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Thursday night, out with friends, work tomorrow, no matter. 

Friday morning, have to go to work, last day before a vacation. Hungover.

At least I have leftover halal food to eat for lunch, I think. That’ll be the goal then. Just hold it together until lunch and the halal will bring me home.

Leave home with two bags, halal and a bag of trash to throw out.

Make it through the morning. Lord only knows how hard that was. But it’s lunchtime, I’ve made it.

I open up my bag and what do I find?


Hangovers. Suck



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Of Dogs that Go Straight to the Heart

To love something that’s vulnerable and utterly dependent, some skin needs to be in the game. If you didn’t know, men are 90% armor, their skin and underbelly tucked away in safe obscurity. But for men to love, and love in a pitying kind of way, their soft underside has to be exposed. That’s the only way.

This, more than any other reason, is why my Dad refused, flat-out refused, to get another dog. Dogs have a way in with him. He bathes them, disciplines them, lets them sleep next to him. And dogs gravitate toward him, as if they know instinctively where the heaviest connection resides. I know from stories that my Dad lost a dog when he was younger and I’ve pieced together that this was a trauma he wanted desperately to avoid if he could.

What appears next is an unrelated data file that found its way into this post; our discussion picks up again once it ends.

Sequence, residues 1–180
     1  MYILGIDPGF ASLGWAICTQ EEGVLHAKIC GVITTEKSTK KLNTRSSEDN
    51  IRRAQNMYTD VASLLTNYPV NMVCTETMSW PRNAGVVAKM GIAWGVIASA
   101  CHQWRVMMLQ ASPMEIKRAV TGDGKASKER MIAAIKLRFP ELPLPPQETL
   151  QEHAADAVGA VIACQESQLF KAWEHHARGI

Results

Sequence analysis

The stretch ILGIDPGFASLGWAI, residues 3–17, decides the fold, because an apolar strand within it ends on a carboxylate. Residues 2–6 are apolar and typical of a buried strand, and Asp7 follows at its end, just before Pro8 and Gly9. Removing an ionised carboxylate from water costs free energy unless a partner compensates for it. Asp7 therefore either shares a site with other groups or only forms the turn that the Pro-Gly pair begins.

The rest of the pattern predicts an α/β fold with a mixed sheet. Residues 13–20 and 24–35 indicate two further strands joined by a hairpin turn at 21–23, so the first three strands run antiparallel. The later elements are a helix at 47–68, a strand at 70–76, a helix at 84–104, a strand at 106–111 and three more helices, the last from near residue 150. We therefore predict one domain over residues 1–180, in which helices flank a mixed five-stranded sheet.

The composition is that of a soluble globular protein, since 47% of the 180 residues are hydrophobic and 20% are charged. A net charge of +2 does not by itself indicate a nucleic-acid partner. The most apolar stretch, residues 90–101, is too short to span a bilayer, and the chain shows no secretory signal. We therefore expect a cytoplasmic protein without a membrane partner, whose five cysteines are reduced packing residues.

But there were his young children who begged him for a dog, Junior, and he complied. While Junior was in the periphery of my childhood, he was more central to my Dad than he ever let on. He disciplined him, fed him, and bathed him when none of us would. When Junior got old, it was my Dad who took the emotional brunt of it all. While my sister and I disengaged to protect ourselves, my Dad continued to bathe him until Junior’s fur became thin. In the last years, my Dad moved him from our house (out of sight out of mind, for us at least) to his place of work which had a great big lot for Junior to spend his final days running around, enjoying the extra space…just getting to be a dog. My Dad was with him when he died.

In retrospect, I understand now how hard this was for him. But my sister and I were young and soon we were on his case about getting another. No, he said, they stink up the house, they get fur everywhere, they’re just too much of a hassle. His armor was on again, I think, and for all the excuses and flat refusals, what he was really saying was that he couldn’t bear the sliding feeling that ended in a helpless sort of hurt. That pitying love, again.